I’ve received several calls regarding whether or not North Carolina has a “Stop and ID” law. Specifically, people are wondering how this relates to openly carrying a firearm in public. This is certainly a hot topic issue given the recent wave of violent acts around the country and 24/7 media coverage. However, I will try to briefly describe only what North Carolina requires.
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Despite how you may feel about the use and/or carrying of firearms, the United States Constitution protects and individual’s right to keep and bear arms. Given the recent violence around the country thousands of people are signing up to purchase handguns for self-defense. Depending upon your County of residence it could take several months to process a Conceal and Carry Weapon permit for you to legally carry a concealed weapon. In the meantime, citizens may openly carry their firearms when done lawfully.
Can I carry a gun in North Carolina?
Carrying a firearm openly is legal in this State. Frankly, there are fewer restrictions on open-carry as opposed to much stricter provisions involved in possessing a concealed handgun. One of those provisions is the so-called “Stop and ID” by an officer.
Let’s face it, when you’re carrying a firearm openly, people are going to notice. It will not be uncommon for those concerned to call the police. However, you are simply exercising your right to keep and bear arms.
If and when you are approached by the police, they will certainly have some questions to ask. How you proceed from here is up to you. There are basically two avenues: 1) be compliant and show them your ID, or 2) legally refuse cooperation.
Legally, you are under NO DUTY to provide an officer your identification should you be simply walking down the street. A police officer needs reasonable and articulable suspicion that criminal activity is afoot before they can detain you for questioning. Carrying a firearm legally and openly is NOT any form of reasonable suspicion to detain and question you. You may simply (and politely helps) refuse to provide identification unless you are being detained for suspicion of committing a crime. Unless the police have some level of suspicion that you are engaged, or about to be engaged, in criminal activity they have no authority to detain you. You may simply ask if you are being detained and then request to leave. If you are being detained you need not answer any questions and request to speak with a lawyer (feel free to give me a call).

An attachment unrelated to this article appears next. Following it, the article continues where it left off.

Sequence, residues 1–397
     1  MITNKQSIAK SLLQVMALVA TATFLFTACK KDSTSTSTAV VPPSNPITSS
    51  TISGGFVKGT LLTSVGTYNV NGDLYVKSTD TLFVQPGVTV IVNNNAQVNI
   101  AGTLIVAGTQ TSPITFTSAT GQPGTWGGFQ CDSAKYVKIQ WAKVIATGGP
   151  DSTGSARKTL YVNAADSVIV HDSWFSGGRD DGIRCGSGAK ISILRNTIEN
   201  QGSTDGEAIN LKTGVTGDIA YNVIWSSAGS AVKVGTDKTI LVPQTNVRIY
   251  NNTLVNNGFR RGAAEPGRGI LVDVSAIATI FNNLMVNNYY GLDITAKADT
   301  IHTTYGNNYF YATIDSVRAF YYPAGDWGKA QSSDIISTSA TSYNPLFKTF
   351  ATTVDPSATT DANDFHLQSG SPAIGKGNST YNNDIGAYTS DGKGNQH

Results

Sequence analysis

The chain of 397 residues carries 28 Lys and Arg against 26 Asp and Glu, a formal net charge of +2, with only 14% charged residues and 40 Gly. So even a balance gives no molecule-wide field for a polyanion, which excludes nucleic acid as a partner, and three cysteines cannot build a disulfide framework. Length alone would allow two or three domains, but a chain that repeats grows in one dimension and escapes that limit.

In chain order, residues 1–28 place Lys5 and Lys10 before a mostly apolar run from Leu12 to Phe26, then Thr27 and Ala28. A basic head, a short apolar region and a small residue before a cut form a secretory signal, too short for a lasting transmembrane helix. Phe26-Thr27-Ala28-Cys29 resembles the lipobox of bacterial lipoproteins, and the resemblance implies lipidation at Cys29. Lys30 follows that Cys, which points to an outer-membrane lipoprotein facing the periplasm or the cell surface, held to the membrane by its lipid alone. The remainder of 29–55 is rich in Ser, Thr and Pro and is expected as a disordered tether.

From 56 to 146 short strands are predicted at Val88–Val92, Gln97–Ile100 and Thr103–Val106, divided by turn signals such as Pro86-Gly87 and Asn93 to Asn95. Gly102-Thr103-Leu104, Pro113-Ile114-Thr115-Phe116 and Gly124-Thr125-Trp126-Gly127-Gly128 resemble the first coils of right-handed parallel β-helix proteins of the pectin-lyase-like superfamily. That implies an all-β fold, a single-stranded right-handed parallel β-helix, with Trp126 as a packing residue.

Needless to say, if you are being illegally detained at this point how an officer reacts will usually depend upon your demeanor, his experience, and other common sense factors. If you are steadfast in your refusal to cooperate, you may face an arrest. This will not be a legal arrest mind you, however, police are human beings and make mistakes. Your experience can greatly be influenced by your level of cooperation; the debate of standing up for your rights versus giving in to police demands and taking the “easy way” out are totally up to you.
A savvy officer that really wants your ID can simply watch you while you walk down the street with your openly carried firearm and wait for you to enter a vehicle. A vehicle has a lesser expectation of privacy for the purposes of being searched and an officer may simply wait for you to commit even the most minor of traffic violations to pull you over. At this point, N.C.G.S. 20-29 requires that you surrender your license to law enforcement.
In summary, North Carolina has NO “Stop and ID” and an officer may NOT stop and detain you without reasonable suspicion that you are committing a crime. Openly carrying a firearm is NOT reasonable suspicion in itself.